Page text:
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Writing a Scientific Paper: RESULTS
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Writing a "good" results section
This is the core of the paper. Don't start the results sections with methods you left out of the Materials and Methods section. You need to give an overall description of the experiments and present the data you found.
Goals: • Factual statements supported by evidence. Short and sweet without excess words • Present representative data rather than endlessly repetitive data • Discuss variables only if they had an effect (positive or negative) • Use meaningful statistics • Avoid redundancy. If it is in the tables or captions you may not need to repeat it
Figures and Captions in Lab Reports
A short article by Dr. Brett Couch and Dr. Deena Wassenberg, Biology Program, University of Minnesota
"Results Checklist" from: How to Write a Good Scientific Paper. Chris A. Mack. SPIE. 2018.
Present the results of the paper, in logical order, using tables and graphs as necessary.
Explain the results and show how they help to answer the research questions posed in the Introduction. Evidence does not explain itself; the results must be presented and then explained.
Avoid: presenting results that are never discussed; presenting results in chronological order rather than logical order; ignoring results that do not support the conclusions;
Additional Tips for Results Sections
- Number tables and figures separately beginning with 1 (i.e. Table 1, Table 2, Figure 1, etc.).
- Do not attempt to evaluate the results in this section. Report only what you found; hold all discussion of the significance of the results for the Discussion section.
- It is not necessary to describe every step of your statistical analyses. Scientists understand all about null hypotheses, rejection rules, and so forth and do not need to be reminded of them. Just say something like, "Honeybees did not use the flowers in proportion to their availability (X2 = 7.9, p<0.05, d.f.= 4, chi-square test)." Likewise, cite tables and figures without describing in detail how the data were manipulated. Explanations of this sort should appear in a legend or caption written on the same page as the figure or table.
- You must refer in the text to each figure or table you include in your paper.
- Tables generally should report summary-level data, such as means ± standard deviations, rather than all your raw data. A long list of all your individual observations will mean much less than a few concise, easy-to-read tables or figures that bring out the main findings of your study.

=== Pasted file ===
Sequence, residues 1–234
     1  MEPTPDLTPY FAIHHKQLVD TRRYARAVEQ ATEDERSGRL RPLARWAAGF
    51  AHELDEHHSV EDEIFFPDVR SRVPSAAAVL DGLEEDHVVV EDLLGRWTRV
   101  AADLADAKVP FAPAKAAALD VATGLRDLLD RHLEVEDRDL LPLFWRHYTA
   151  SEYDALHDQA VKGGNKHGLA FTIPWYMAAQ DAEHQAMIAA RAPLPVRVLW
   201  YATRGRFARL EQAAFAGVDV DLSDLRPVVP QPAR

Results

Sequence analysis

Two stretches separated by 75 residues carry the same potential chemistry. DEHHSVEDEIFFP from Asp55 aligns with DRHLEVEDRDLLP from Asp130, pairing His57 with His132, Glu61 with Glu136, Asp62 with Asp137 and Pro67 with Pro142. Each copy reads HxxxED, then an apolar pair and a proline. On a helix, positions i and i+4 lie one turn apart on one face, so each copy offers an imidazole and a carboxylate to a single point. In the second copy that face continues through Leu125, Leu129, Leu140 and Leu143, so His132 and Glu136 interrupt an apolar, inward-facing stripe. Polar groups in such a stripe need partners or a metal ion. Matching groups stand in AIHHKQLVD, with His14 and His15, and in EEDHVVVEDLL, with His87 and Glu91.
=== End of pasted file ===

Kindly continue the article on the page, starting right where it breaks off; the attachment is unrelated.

- Only use a figure (graph) when the data lend themselves to a good visual representation. Avoid using figures that show too many variables or trends at once, because they can be hard to understand.
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Reporting Research Results in APA Style | Tips & Examples
Published on December 21, 2020 by Pritha Bhandari . Revised on July 9, 2022.
The results section of a quantitative research paper is where you summarize your data and report the findings of any relevant statistical analyses.
The APA manual provides rigorous guidelines for what to report in quantitative research papers in the fields of psychology, education, and other social sciences.
Use these standards to answer your research questions and report your data analyses in a complete and transparent way.
Table of contents
What goes in your results section, introduce your data, summarize your data, report statistical results, presenting numbers effectively, what doesn’t belong in your results section, frequently asked questions about results in apa.
In APA style, the results section includes preliminary information about the participants and data, descriptive and inferential statistics, and the results of any exploratory analyses.
Include these in your results section:
- Participant flow and recruitment period. Report the number of participants at every stage of the study, as well as the dates when recruitment took place.
- Missing data . Identify the proportion of data that wasn’t included in your final analysis and state the reasons.
- Any adverse events. Make sure to report any unexpected events or side effects (for clinical studies).
- Descriptive statistics . Summarize the primary and secondary outcomes of the study.
- Inferential statistics , including confidence intervals and effect sizes. Address the primary and secondary research questions by reporting the detailed results of your main analyses.